Lightfoot continues to lobby for gambling bill votes in effort to bring casino to Chicago

SPRINGFIELD (WLS) -- Mayor Lori Lightfoot remains confident that a deal will be worked out in Springfield to clear the way for a Chicago Casino. However, lawmakers are still working out details.

There has been a lot of movement on the bill Wednesday after seeming to be stalled for a while. With the mayor's team and her allies working hard to win votes, there are indications that a deal could happen before the end of the veto session Thursday.

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Late in the afternoon the gaming bill sponsor, State Representative Bob Rita, was joined by members of Lightfoot's Springfield lobbying team for a meeting in the office of House Speaker Mike Madigan.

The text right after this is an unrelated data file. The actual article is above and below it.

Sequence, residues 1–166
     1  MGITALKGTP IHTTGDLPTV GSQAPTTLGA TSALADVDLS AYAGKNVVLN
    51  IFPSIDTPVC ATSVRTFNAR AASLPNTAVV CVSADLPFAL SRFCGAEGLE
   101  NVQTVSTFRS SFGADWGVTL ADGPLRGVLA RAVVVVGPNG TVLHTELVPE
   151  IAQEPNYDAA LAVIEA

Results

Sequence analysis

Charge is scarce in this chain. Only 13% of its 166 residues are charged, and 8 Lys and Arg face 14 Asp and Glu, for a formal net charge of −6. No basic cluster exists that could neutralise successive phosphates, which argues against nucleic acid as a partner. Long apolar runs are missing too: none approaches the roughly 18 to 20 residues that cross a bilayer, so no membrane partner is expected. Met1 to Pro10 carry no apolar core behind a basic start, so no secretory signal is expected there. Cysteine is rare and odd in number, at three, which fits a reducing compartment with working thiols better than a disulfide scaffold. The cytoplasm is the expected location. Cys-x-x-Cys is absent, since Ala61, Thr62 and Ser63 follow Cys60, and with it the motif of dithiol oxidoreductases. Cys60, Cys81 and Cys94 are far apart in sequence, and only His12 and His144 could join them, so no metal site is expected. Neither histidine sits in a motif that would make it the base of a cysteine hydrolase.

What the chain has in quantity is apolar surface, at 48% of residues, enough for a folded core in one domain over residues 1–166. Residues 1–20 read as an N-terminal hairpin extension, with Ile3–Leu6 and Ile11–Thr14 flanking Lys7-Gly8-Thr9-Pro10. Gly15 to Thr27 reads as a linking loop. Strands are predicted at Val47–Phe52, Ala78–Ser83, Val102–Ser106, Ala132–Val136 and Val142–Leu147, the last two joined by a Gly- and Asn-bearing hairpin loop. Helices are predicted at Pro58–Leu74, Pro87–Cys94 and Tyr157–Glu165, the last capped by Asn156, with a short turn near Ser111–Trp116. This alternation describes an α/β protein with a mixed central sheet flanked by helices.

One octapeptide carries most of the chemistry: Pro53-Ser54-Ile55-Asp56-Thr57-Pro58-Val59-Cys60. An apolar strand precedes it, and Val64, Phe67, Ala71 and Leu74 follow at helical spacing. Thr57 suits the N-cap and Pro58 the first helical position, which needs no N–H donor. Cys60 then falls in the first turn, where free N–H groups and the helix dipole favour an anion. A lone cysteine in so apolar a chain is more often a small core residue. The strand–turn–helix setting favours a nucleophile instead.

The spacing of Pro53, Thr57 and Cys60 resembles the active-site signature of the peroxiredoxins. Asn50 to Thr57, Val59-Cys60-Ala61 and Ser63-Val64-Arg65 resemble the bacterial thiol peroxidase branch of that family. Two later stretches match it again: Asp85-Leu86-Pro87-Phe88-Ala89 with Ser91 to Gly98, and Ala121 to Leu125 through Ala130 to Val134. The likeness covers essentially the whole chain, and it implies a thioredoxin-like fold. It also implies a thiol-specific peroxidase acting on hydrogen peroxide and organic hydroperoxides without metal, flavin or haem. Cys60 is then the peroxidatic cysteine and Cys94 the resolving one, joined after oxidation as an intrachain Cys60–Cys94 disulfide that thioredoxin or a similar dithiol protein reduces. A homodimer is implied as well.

The meeting comes after a day long effort to win enough votes in the House to pass a revised bill.

The original bill contained a 72 percent tax rate on a Chicago casino, which a consultant said was too onerous to attract investors.

Senate President John Cullerton also emerged from a meeting with Speaker Madigan Wednesday, but he declined to comment on discussions.

If the House passes the bill it would go to the Senate for final approval.

Mayor Lightfoot spent Tuesday in meetings with lawmakers to make her pitch for the importance of a Chicago casino, which is expected to provide nearly 40-percent of the revenue needed for the portion of the capital bill. That funding is used to build things like new schools and park district facilities across the state.

"We're getting close. We've moving in the right direction. Time is ticking but we've got enough time right now to do something," Rep. Rita said.

Right now Rep. Rita said they are short of the 60 votes needed to make the bill effective on June 1. If they are able to get to 71 votes for a super majority, the bill could take effect January 1.
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